Weekly Wrap Volume 49
Most cells in the human body divide using a process called mitosis. This process has 5 phases (prophase, prometaphase, metaphase, anaphase, and telephase). It is preceded by interphase, and results in the cell dividing, called cytokinesis. When a cell reaches the end of its lifespan, it gets destroyed in a pre-programed process called apoptosis. There are many types of cancer (over 200). All types are a result of the same problem, unregulated cell growth. Cells that divide more rapidly than apoptosis can regulate- effectively, too much mitosis. The result is excessive tissue, known as tumors. These tumors can be localized, or they can spread… (more)
Schools in the United States teach children from an early age that the first president of the United States was George Washington. But teachers often forget to mention a small, kind of important detail- George Washington was the first U.S. president under the current United States Constitution, but he wasn’t the country’s first president. Before the U.S. Constitution came into being, the Articles of Confederation served as the glue which held all thirteen states together as a single country. (See: The Articles of Confederation: The Constitut� don’t we just burn it?”ion Before the Constitution) The Articles went into effect in 1781, and they established a loose alliance among the states. The Articles also defined the role of Congress to oversee the national needs, as well as the office of the president. Due to the fear of giving too much power to one person, the office of president was extremely limited in power and scope, and was not even a paid position. Rather, the primary roles of the president… (more)
Rice Krispies, also known as “Rice Bubbles”, in some countries, are created by preparing rice in such a way that it will “pop” like popcorn during the cooking process, albeit much less dramatically. This popping puffs up the kernels. When the rice is finished cooking, most of the Rice Krispies will have thin solid walls with hollow, sealed, areas inside where air pockets have formed. In the first theory of what is causing the fracturing of the walls, the sudden temperature shift caused by adding cold milk to the Rice Krispies causes the air inside the hollow pockets to… (more)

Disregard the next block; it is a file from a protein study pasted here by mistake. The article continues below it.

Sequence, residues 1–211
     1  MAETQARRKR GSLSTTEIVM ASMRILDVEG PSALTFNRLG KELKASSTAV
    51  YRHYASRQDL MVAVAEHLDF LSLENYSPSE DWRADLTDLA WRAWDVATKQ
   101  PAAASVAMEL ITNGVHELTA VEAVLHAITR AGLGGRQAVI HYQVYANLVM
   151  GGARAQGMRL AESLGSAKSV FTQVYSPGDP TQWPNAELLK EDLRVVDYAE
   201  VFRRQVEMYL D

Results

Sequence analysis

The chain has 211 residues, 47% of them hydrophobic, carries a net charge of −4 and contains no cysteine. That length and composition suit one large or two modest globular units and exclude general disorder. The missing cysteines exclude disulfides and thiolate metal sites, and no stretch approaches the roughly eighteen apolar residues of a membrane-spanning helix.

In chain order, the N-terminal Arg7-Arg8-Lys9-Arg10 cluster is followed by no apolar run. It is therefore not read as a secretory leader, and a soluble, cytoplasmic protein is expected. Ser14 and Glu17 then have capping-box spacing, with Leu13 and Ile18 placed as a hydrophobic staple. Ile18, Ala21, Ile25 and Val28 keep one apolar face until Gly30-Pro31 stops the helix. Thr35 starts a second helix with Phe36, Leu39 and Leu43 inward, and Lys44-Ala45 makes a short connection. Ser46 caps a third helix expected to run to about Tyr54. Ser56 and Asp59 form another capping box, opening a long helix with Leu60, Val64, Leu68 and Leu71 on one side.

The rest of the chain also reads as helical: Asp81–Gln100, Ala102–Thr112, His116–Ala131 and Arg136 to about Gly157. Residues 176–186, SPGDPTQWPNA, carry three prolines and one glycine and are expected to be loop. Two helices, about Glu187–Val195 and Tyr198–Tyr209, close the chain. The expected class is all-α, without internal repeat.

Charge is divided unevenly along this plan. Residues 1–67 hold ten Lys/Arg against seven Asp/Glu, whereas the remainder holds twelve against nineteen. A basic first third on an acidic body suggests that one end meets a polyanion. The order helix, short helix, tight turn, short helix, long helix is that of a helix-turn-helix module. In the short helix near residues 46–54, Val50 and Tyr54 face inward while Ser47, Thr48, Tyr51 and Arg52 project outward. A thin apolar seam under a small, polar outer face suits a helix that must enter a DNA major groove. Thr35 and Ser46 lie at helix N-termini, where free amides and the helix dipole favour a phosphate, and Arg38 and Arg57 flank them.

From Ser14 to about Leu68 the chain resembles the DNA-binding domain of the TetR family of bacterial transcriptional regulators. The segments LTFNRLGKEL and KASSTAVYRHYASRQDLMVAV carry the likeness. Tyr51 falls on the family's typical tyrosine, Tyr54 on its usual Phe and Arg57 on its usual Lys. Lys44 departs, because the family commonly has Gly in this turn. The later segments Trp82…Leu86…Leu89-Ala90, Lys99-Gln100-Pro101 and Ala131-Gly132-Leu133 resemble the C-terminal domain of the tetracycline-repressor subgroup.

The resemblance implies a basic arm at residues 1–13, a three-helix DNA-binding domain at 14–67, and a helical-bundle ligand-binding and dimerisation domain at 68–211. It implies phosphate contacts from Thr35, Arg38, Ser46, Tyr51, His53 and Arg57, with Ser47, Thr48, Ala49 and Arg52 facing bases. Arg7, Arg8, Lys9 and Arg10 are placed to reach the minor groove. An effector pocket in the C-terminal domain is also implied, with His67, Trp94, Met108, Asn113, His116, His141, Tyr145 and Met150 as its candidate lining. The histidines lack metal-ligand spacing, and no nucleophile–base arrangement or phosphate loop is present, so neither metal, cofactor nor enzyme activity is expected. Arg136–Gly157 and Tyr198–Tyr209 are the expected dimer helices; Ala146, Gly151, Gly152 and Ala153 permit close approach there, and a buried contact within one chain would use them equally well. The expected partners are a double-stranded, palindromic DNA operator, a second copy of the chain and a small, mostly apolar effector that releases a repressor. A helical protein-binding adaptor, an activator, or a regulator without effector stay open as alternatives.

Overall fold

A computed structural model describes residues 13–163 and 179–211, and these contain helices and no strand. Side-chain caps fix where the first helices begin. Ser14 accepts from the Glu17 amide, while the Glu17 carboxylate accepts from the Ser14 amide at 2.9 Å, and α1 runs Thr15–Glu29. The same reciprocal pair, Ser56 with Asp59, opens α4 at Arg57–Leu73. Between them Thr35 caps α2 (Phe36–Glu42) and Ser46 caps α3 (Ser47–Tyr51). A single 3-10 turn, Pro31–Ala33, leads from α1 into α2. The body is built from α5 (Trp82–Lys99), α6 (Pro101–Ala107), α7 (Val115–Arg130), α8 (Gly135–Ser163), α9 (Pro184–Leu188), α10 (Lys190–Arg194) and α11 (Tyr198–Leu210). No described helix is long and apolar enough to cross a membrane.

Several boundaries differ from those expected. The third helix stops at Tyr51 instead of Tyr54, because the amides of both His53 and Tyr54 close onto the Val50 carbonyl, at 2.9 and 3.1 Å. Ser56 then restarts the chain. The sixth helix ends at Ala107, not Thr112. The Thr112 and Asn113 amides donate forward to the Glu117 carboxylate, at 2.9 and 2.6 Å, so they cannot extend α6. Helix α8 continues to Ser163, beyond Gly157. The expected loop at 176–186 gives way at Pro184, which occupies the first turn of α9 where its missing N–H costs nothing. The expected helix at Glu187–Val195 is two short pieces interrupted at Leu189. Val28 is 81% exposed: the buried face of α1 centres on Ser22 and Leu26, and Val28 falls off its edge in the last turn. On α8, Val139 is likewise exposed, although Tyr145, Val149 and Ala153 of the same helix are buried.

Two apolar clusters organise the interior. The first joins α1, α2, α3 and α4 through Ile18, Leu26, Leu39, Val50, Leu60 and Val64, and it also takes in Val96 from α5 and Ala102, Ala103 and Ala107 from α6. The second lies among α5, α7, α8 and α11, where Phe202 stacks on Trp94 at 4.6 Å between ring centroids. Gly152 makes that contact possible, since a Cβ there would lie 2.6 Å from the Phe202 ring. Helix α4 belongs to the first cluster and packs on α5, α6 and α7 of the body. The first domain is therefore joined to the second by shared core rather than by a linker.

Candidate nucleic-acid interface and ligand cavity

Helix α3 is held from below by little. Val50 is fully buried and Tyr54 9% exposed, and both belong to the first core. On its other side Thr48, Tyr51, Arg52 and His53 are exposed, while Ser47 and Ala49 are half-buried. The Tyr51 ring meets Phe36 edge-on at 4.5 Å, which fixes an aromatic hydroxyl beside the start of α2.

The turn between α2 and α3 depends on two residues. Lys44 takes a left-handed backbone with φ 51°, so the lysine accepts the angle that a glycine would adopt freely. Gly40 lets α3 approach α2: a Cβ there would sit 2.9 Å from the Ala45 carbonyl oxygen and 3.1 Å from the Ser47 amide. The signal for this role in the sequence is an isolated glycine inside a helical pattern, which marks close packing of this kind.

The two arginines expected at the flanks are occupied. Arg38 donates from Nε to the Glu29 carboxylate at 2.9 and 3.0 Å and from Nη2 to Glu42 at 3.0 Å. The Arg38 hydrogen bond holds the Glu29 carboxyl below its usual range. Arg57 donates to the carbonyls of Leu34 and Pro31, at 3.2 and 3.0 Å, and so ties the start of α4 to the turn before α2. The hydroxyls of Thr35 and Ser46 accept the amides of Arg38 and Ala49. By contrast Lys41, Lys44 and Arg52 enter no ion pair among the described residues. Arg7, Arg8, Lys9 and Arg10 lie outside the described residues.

Over the years, the myth that you only use about 10% of your brain has been widely spread with the source of this myth often falsely attributed to Albert Einstein. It turns out though, that every part of the brain gets used, despite what Hollywood; snake-oil type self help peddlers; and many others would have you believe. All other evidence aside, intuitively, if 90% of the brain wasn’t used for anything, then damage to those parts of the brain that comprise thatt a person at all. In reality though, damage to just about any part of the brain, even tiny amounts, tends to have profound effects on the person who suffers that damage, at least… (more)
On August 23, 1994, Bill Drummond and Jimmy Cauty set fire to, and completely destroyed, £1 million. What makes the story even weirder is that nobody, not even the burners, seems to really know precisely why. Beginning in 1987, under several different names including The Justified Ancients of Mu Mu and The Timelords, Drummond and Cauty produced a number of hit club music singles, including “Doctorin’ the Tardis.” By 1991, as The KLF (Kopyright Liberation Front), the two were one of Britain’s best-selling music acts. Before retiring in 1992, the duo released a blueprint… (more)
- Before launching the Chef Boyardee line of products, Chef Boiardi, in 1915 at the age of 17 years old, supervised the catering for President Woodrow Wilson’s wedding reception.
- Humans enjoy five or more different tastes namely: sour, bitter, salty, umami (associated with meat), and sweet. We can taste sweet things thanks to two proteins generated by two separate genes. Cats, on the other hand, have a mutant chemoreceptor in their taste buds that prevents them from tasting sweet things, which is a trait shared by all cats big and small, not just domestic ones.
- Of the 39 ingredients that make up a Twinkie, only one of them is strictly a preservative or rather its only purpose in being included is because it’s a preservative. Some of the other chemicals have preserving side effects, but their use is primarily as substitutes for dairy ingredients. The lack of these dairy ingredients and the air tight plastic wrap are the primary reason that the Twinkie can last approximately 25 days on the shelves, outlasting so many of its other baked brethren in that respect.
- Bart Simpson is voiced by a woman, Nancy Cartwright, who also does the voices for Nelson, Ralph, Todd, and Flanders among others.